Interview: Aminatou Sow
Aminatou Sow is founder of Tech LadyMafia, a group that increases opportunities for women in tech. With journalist Ann Friedman, she also co-hosts Call Your Girlfriend, a podcast that tackles the intricacies of pop culture and the latest in politics every single week. We spoke to her about what prompted her to create Tech LadyMafia, how she supports women through digital ethics and her favourite podcasts.
TechLady Mafia is a members-only listserv that allows women across the world to connect and talk all things women in tech. Where did the idea for the group come from? And what was your initial vision for the group?
Tech LadyMafia (TLM) started when Erie Meyer, my now co-founder, approached me, lamenting the lack of women in tech. We’d read all the depressing articles and stats, but the truth was that in our circles, we had a lot of women in STEM (Science, Technology, Engineering and Math): engineers, programmers, scientists and even one candidate for NASA’s astronaut class.
The media is very quick to highlight the lack of women in many industries but there is never much follow-up, resources or even simple acknowledgment of the few women who work in certain male-dominated industries. You can’t be what you can’t see. With TLM we were seeking a way to connect all the awesome STEMinists we knew to each other. Horizontal mentorship is an easy way to share knowledge and opportunities with each other.
The group now boasts 2,000 members and has expanded to include networking events and technical training. How has it evolved over the years?
The beauty of TLM is that it’s always been very loose and informal. In the beginning, we left cards in women’s restrooms at tech events that read ‘join the mafia’. Years later, I was very happy when someone gave me one not realising I was one of the founders.
We have a code of conduct that hinges largely on kindness and assuming best intentions. Everyone in the group knows someone else in the group, since we operate largely through referrals. We are no longer accepting new members, but instead are encouraging other women to start their own networks. The smaller the group is, the easier it is to have this kind of backchannel.
It’s been awesome to watch original members scale their careers and now be able to afford to show the ropes to younger or less experienced women. Now, women across the world meet and host get-togethers. The only rule we have for these groups is that whenever TLM women gather, they each share one thing they need help with and one thing they can offer someone else in the group. One member, Natalie Oberti Noguera, calls this the ask&offer and we 100 per cent have called it that. She’s a master networker.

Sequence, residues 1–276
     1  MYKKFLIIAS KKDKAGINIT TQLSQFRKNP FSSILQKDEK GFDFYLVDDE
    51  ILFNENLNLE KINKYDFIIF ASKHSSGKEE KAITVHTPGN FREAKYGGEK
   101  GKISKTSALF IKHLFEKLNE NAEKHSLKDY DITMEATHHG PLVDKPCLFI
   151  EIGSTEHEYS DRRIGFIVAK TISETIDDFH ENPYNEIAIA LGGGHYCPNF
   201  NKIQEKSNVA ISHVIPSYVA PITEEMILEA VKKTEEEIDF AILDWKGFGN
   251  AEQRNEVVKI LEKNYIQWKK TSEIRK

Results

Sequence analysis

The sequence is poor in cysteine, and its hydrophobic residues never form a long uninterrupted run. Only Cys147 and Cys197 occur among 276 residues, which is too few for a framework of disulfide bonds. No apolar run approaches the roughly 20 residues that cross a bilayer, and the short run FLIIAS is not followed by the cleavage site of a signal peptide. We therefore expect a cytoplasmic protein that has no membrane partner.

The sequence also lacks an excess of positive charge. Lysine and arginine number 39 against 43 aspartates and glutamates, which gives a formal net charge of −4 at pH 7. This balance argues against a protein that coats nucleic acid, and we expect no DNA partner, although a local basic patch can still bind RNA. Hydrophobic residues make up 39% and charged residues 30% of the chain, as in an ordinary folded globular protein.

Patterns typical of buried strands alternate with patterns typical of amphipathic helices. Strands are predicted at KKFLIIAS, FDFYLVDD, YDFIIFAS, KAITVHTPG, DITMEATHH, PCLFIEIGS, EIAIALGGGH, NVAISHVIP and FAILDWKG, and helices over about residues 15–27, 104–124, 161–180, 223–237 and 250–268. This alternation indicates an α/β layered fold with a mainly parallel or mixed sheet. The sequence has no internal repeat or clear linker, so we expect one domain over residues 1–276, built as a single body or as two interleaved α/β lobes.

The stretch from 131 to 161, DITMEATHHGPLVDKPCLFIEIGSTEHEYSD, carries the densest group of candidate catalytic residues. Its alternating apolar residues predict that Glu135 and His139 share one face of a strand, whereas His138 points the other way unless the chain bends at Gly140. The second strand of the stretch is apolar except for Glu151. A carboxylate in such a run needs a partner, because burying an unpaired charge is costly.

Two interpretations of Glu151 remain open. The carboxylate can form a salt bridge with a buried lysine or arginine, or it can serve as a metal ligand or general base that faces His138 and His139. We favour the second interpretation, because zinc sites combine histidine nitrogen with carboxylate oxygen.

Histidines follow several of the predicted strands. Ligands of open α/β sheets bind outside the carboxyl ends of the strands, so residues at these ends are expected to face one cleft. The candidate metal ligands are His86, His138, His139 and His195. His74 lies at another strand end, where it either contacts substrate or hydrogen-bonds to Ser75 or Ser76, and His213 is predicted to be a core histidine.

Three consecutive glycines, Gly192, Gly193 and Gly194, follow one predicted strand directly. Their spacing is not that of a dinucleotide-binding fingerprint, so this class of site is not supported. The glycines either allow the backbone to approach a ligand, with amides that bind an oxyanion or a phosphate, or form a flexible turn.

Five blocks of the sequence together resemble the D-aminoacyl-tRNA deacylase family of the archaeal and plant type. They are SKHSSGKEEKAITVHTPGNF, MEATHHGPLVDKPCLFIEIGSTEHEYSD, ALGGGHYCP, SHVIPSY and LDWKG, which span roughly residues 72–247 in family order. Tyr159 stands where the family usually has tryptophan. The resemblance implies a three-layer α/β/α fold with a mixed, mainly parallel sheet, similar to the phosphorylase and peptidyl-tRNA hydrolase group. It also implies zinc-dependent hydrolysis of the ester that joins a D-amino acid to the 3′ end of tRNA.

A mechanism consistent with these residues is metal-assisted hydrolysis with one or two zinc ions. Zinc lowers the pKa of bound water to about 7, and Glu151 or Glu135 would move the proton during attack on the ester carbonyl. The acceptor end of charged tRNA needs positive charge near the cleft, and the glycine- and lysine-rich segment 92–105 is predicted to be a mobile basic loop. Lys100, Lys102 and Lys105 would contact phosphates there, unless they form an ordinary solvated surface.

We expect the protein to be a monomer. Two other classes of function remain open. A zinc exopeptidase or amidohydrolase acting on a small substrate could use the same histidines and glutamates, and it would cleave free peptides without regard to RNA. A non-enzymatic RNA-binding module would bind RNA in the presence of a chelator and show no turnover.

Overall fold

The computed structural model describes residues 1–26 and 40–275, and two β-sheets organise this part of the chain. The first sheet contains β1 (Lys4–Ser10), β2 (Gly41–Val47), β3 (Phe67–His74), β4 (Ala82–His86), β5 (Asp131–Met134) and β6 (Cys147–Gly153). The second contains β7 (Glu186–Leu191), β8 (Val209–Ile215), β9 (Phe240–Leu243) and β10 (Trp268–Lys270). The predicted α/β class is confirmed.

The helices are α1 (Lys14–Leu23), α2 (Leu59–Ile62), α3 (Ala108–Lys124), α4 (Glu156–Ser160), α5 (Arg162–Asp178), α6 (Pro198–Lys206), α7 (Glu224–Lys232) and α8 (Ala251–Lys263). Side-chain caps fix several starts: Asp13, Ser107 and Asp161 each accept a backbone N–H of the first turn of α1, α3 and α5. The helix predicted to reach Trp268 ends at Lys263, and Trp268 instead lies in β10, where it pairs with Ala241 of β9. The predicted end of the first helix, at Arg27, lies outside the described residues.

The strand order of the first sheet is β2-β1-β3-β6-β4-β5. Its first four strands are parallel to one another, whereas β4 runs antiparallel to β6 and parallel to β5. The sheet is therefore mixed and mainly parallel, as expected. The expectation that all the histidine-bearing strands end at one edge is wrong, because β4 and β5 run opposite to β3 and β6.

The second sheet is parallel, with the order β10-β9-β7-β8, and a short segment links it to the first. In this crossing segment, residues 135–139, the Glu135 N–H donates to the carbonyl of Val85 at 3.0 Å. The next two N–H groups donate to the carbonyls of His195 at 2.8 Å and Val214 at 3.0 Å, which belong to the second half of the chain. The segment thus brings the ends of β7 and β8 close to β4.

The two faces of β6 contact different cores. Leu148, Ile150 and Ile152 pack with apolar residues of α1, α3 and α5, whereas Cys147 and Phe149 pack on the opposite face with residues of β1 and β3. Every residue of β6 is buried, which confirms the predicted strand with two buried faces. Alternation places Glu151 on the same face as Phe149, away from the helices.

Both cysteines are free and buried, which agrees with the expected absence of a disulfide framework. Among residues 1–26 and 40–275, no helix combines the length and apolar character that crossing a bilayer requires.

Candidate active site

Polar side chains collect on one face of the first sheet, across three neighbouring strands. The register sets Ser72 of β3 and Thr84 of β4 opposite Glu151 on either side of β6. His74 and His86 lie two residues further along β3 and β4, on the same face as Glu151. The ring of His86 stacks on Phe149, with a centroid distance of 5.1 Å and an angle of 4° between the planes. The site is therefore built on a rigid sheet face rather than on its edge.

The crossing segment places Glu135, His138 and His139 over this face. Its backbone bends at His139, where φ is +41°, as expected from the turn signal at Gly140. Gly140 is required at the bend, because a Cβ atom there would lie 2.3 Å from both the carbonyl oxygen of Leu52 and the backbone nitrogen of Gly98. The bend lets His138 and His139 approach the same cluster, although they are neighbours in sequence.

“It’s been awesome to watch original members scale their careers and now be able to afford to show the ropes to younger or less experienced women.”
Your podcast Call Your Girlfriend is taglined ‘a podcast for long-distance besties’. Can you describe a typical episode?
The concept of the show is based on the catch-up call you have with your long-distance best friend. It’s typically 45 minutes to one hour. We have an agenda (Ann and I did this in real life, way before the podcast) and we cover all sorts of topics – from politics, work issues, pop culture… you know, all the things a well-rounded woman cares about.
For someone who hasn’t listened, is there an episode you’d direct them to?
Oh man, where to even start? I can’t think of a particular all-time fave (they’re all my favorite children) but recently Ann and I interviewed one of our heroes, Cecille Richards and it was a blast. (Listen to the podcast here).
I also love the annual episode where we go behind the scenes of our business and discuss money, scaling the show and all sorts of boss-lady stuff. (Listen to that podcast, here).
Your podcast is also about highlighting and celebrating women who have smart, thoughtful, interesting things to say. You spoke about digital ethics in your episode on ‘shine theory’. How can women support women in the digital sphere?
Feminist Sarah Ahmed has long said “citation is feminist memory. It is how we leave a trail of where we have been and who helped us along the way.” I think about this constantly. Women can support each other online like they do offline: by giving credit to other women. There are no new ideas under the sun and reading books, blogs, listening to podcast made by women we admire has profoundly shaped each of us. Learn feminist history and give credit for your base of knowledge. Know the difference between simply calling yourself a feminist and actually doing feminist things.
Are you much of a podcast fan yourself? What are your favourite podcasts?
Listening to podcasts is the only way I haven’t lost my mind in the NYC subway yet. My favourite podcasts currently are:
I understand your co-host Ann spent time in Australia in 2017. Has she given you any tips?
She was the first person I asked for tips and I’ll be following her itinerary to a T. I am very excited to check out the McIver Ladies Baths...